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  • Romantic Psychoanalysis: The Burden of the Mystery
  • Brandy Ryan (bio)
Joel Faflak . Romantic Psychoanalysis: The Burden of the Mystery. SUNY Press. 2007. 333. US$85.00

Joel Faflak locates the quest for 'the truth of one's identity' in Romanticism's psychoanalytic tendencies, which surface in the struggle to 'locate the subject in the world' despite the subject's 'trauma of not knowing or being able to comprehend this position.' Faflek takes us back to the origin of the "psycho-analytical" as it appears in an 1805 notebook entry of Coleridge's; its inception, then, lies in the melding of dual interiorities: faith and perception. Drawing on the poetry and prose of Wordsworth, Coleridge, De Quincey, and Keats, Faflak elucidates a 'psychological history of psychoanalysis'; he identifies criticism as essentially psychoanalytic, always engaged with the trauma and loss of what is past. Faflak examines, in turn, philosophy and poetry as precursors and proponents of psychoanalysis in its particular (masculine) Romantic embodiments.

In clear and eloquent phrasing, Faflak considers 'how Romanticism constitutes itself as a scene of psychoanalysis' in order to 'deal with the trauma of Romanticism's search for itself.' This search turns out to be, perhaps unsurprisingly, predominately masculine. Absent in his consideration of a poetry anxious about articulating a psyche that resists articulation is the presence of women: women poets, women philosophers, women characters who exist somewhat outside the masculine paradigm of philosophy, poetry, and psychoanalysis that forms the foundation of Faflak's study. Romantic Psychoanalysis never claims to offer a comprehensive exploration of this history, and at numerous points in his study, Faflak is attentive to the intricacies of gender dynamics within the psychoanalytic scene. It is remarkable, however, that in a book that lingers over mesmerism, there is no mention of Charlotte Smith, Felicia Hemans, Letitia Landon, or Elizabeth Barrett, nor any of the scores of women writers and thinkers who were drawn to self-exploration and interiority as part of the material and discursive landscape of the early nineteenth century. Their poetic and philosophical encounters with identity and loss constitute equally valuable iterations of Romanticism's search for itself. [End Page 351]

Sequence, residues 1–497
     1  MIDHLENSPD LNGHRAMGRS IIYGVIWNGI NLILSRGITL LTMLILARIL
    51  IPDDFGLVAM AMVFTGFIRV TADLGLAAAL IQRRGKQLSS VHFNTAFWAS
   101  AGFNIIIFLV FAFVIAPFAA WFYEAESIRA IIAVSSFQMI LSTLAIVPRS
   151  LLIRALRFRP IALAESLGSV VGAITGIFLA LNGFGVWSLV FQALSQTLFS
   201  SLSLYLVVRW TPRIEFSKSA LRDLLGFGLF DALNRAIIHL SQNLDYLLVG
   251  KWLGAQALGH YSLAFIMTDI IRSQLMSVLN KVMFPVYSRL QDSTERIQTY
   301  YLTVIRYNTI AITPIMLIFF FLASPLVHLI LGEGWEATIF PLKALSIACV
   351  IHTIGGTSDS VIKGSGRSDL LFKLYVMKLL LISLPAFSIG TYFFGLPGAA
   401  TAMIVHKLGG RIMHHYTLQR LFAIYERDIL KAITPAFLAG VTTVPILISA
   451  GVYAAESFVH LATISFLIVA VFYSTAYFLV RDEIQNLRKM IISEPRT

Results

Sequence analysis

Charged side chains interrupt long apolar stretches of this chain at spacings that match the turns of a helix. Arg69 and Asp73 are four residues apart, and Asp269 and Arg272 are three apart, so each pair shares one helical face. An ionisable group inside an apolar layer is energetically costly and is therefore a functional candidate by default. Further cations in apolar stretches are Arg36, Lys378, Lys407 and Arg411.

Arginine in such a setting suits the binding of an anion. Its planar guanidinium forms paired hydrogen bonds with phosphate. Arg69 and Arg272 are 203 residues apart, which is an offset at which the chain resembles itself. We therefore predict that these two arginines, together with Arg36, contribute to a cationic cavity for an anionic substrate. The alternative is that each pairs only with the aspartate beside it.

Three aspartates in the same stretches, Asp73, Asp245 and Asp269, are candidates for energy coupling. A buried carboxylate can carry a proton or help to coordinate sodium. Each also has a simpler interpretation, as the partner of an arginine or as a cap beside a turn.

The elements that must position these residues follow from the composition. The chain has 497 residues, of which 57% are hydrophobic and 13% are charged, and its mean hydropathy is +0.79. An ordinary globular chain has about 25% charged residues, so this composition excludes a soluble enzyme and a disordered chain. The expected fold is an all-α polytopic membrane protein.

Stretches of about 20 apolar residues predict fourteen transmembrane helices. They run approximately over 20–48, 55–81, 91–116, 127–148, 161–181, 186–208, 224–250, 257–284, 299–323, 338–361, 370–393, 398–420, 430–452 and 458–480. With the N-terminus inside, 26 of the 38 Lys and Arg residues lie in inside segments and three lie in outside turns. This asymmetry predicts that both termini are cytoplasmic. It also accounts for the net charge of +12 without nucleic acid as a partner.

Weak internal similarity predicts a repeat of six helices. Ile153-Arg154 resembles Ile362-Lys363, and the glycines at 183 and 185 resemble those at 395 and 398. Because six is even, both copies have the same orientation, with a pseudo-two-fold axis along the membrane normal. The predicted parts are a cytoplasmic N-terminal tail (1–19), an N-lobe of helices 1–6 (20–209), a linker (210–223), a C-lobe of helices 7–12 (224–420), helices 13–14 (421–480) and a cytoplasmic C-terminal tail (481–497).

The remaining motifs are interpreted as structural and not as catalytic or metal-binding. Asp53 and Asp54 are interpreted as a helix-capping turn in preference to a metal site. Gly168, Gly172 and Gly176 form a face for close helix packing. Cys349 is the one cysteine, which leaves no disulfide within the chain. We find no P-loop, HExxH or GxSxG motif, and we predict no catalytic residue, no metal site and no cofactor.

Faflak explores the mysteries of the poetry, prose, and philosophy intrinsic to the process of inventing psychoanalysis in the Romantic period; he theorizes poetry as the site where Romanticism becomes aware of its always already psychoanalytic tendencies. The first chapter deftly clears the philosophical forest in order to demarcate the path and the process of this project: those moments in which the Romantics, contending with their own distinct and diverse searches for the self, theorize and imitate comprehension as part of the trauma of understanding from which they cannot ever fully extricate themselves. Conscientious of the philosophic history upon which Romantic poetry, and thus this founding/ finding of Romantic psychoanalysis, draws, Faflak delineates the theoretical iterations of philosophers as diverse as Žižek, Locke, Nietzsche, Hume, Kant, Schopenhauer, Coleridge, and, of course, Freud. Readers who do not come to his text with the requisite mastery of the massive philosophical tradition of psychoanalysis will be able to follow the twists and turns of this path because of Faflak's generous framing.

The subsequent four chapters analyze this 'poetry of the psyche,' founded in the canonical poetics of this strain of Romantic literature. The chapter on De Quincey offers a particularly refreshing consideration of how fragmentary prose counterpoints the frequently narrative and lyric poetry of Wordsworth, Coleridge, and Keats; De Quincey (and his texts) is a character writ large, subject primarily to his own sense of self. As we 'uncover [De Quincey's] conflicted relationship to the psychoanalysis he helps to invent,' Faflak notes, we are obliged to move beyond 'mere understanding'; De Quincey's prose 'demands from the reader no less than to follow [him] into the unconscious.' That this is a less perilous task is thanks to Faflak's nuanced readings of De Quincey's literal and phantastical self-explorations in/as his iteration of Romantic psychoanalysis.

The book's final chapter on Keats attempts to summarize the previous incarnations of this struggle with self and subjectivity through the bold exploration within poetry as a psychoanalytic entity in its own right...


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